The Swiss government last month balked at approving a new draft treaty it had negotiated with the European Union over the past four years, arguing that the deal required public consultation. The decision casts uncertainty on Switzerland’s relationship with the 28-member bloc, which is currently governed by a hodgepodge of over 100 separate agreements. The Swiss government now has until June to endorse the new treaty, but steep domestic opposition makes that difficult, if not impossible, says Clive Church, emeritus professor of European studies at the University of Kent in England. In an email interview with WPR, he discusses the contentious negotiations and why the two sides may ultimately not be able to reconcile their differences.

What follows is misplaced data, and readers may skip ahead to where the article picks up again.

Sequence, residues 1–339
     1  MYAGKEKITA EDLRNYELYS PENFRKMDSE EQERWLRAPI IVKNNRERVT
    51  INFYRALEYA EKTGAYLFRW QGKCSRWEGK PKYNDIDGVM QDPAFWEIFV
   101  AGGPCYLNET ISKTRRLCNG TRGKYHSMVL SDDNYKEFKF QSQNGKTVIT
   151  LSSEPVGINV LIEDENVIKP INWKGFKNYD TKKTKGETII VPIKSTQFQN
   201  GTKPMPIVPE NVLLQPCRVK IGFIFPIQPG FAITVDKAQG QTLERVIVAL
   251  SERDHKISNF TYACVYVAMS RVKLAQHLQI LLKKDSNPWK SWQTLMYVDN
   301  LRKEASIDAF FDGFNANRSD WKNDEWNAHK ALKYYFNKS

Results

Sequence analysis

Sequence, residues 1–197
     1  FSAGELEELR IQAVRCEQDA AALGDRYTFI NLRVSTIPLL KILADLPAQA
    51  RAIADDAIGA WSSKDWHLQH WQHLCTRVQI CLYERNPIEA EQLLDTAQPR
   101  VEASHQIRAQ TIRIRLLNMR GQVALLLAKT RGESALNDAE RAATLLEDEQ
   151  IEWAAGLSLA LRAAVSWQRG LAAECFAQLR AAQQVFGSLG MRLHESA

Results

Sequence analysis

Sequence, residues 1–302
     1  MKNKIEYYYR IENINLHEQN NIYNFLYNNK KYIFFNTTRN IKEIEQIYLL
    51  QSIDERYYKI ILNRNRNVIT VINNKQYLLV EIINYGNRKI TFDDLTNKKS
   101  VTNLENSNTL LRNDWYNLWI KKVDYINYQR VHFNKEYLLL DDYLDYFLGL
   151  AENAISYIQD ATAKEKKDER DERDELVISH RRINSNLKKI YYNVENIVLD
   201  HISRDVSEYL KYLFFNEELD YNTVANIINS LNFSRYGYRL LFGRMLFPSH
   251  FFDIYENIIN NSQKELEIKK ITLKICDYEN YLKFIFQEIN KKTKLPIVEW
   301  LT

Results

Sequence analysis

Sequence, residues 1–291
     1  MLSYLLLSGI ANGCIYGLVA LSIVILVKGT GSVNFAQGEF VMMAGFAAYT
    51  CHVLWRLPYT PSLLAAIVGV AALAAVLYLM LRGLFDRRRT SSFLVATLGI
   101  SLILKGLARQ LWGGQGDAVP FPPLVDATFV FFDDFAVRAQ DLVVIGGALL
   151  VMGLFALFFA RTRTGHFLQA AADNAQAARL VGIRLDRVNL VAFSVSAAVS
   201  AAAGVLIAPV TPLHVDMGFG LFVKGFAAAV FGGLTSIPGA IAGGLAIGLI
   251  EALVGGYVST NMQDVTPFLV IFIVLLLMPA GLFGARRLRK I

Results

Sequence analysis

World Politics Review: Why did Swiss and EU authorities decide it was necessary to craft a new treaty governing relations between them?
Clive Church: The impetus really came from the EU, which decided in 2008 that the existing bilateral system with Switzerland was outdated, inflexible and hard to manage, while also lacking legal certainty and a proper means of resolving disputes. After the Brexit referendum in the United Kingdom, officials in Brussels probably also felt they should sort out their relations with non-EU neighbors.